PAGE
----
US v. Taft
UNPUBLISHED UNITED STATES COURT OF APPEALS FOR THE FOURTH CIRCUIT
UNITED STATES OF AMERICA, Plaintiff - Appellee, versus ISAAC A. TAFT, Defendant - Appellant.
Appeal from the United States District Court for the Eastern District of North Carolina, at Raleigh. Malcolm J. Howard, Senior District Judge. (4:04-cr-00052-H)
February 15, 2007
March 9, 2007
Before MICHAEL, SHEDD, and
DUNCAN, Circuit Judges.
Affirmed by unpublished per curiam opinion.
Kelly L. Greene, STUBBS & PERDUE, P.A., New Bern, North Carolina, for Appellant. George E. B. Holding, United States Attorney, Anne M. Hayes, Jennifer P. May-Parker, Assistant United States Attorneys, OFFICE OF THE UNITED STATES ATTORNEY, Raleigh, North Carolina, for Appellee.
Unpublished opinions are not binding precedent in this circuit.
PER CURIAM: Isaac A. Taft ("Appellant") appeals his conviction for
conspiracy to distribute cocaine in violation of 21 U.S.C. §§ 841(a)(1), 846. Appellant argues that the district court erred in
allowing the testimony of a witness who was represented by an attorney who had previously represented Appellant in this matter. For the reasons that follow, we affirm.
I. On August 24, 2004, Appellant was indicted on three drug related charges. The following day, the Federal Public Defender's On
Office assigned attorney Mark Ward to represent Appellant.
November 24, 2004, Ward filed a motion to withdraw as Appellant's counsel for various reasons not relevant here, which motion was granted six days later. On February 9, 2005, a grand that jury issued five a superseding drug-related Appellant
charges, including the conspiracy count at issue here.
pleaded guilty to four of the five counts and proceeded to trial on the conspiracy count. Prior to trial, Appellant filed a motion to prevent the government from calling Erik Garza, an individual who had purchased drugs from Appellant, as a witness because Ward served as counsel for Garza in an unrelated criminal proceeding and had undertaken
that representation three weeks before withdrawing as Appellant's counsel in this matter. motion. Following a jury trial, Appellant was convicted of the The district court denied Appellant's
conspiracy charge and sentenced to sixty months imprisonment. This appeal followed.
II. Appellant's sole argument on appeal is that the district court erred by allowing Garza's testimony, because the fact that he was represented by the same attorney who at one time had represented Appellant called into question the fairness and integrity of the judicial process here. Appellant's argument implicates two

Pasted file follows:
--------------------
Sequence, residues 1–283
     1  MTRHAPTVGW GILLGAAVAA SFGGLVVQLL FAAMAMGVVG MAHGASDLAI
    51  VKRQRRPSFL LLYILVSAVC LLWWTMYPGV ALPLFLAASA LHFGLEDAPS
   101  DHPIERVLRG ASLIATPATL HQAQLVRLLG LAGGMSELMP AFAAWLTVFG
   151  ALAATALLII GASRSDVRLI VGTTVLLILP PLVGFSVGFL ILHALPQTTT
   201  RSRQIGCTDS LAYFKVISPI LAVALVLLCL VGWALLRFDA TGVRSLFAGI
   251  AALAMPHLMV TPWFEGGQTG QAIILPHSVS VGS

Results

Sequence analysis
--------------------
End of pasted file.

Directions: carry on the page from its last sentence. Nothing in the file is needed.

distinct constitutional principles, and we address each in turn. First, an attorney's overlapping representation of two clients can compromise of the counsel Sixth when Amendment it creates guarantee an actual of effective of
See United States v. Tatum, 943 F.2d 370,
375 (4th Cir.
1991). To invoke this Sixth Amendment protection, a defendant must show "`some real conflict of interest . . . resulting from [the] representation.'" United States v. Atkinson, 565 F.2d 1283, 1284
(4th Cir. 1977) (quoting United States v. Lovano, 420 F.2d 769, 772 (2d Cir. 1970)). The mere fact of overlapping representation is See id.
insufficient to create a Sixth Amendment violation.
With respect to the Sixth Amendment, Appellant's argument must fail because he has offered no evidence that Ward's representation of both him and Garza created any actual conflict of interest. The
overlapping representation lasted for a brief period of time, during which neither individual was involved in the same proceeding or implicated in the same criminal conduct. trial counsel admitted that his argument Indeed, Appellant's was based on the
appearance of impropriety, rather than evidence of any actual conflict of interest. Amendment violation. Second, an attorney's overlapping representation of two See J.A. 46. Accordingly, we find no Sixth
clients can violate the Fifth Amendment guarantee of due process where it compromises the fundamental fairness of a defendant's trial. 1981). See United States v. Young, 644 F.2d 1008, 1012 (4th Cir. To establish such a violation, Appellant must demonstrate
that Ward's conflict of interest is "of sufficient significance that it denie[d him] the right to a fair trial." United States v.
Barnette, 211 F.3d 803, 818 (4th Cir. 2000). Appellant cannot make this showing because he proffers no evidence that Ward's
overlapping representation had any impact on Appellant's trial, much less one that undermined its fundamental fairness. Therefore, we find no Fifth Amendment violation on these facts.
III. For the foregoing reasons, we affirm Isaac A. Taft's
We dispense with oral argument because the facts and
legal contentions are adequately presented in the materials before the court and argument would not aid the decisional process.
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